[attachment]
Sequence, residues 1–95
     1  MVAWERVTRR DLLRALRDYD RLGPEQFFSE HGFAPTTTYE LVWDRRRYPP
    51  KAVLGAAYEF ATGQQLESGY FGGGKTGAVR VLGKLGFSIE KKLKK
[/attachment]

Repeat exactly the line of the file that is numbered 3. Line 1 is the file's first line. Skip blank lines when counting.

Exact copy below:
    51  KAVLGAAYEF ATGQQLESGY FGGGKTGAVR VLGKLGFSIE KKLKK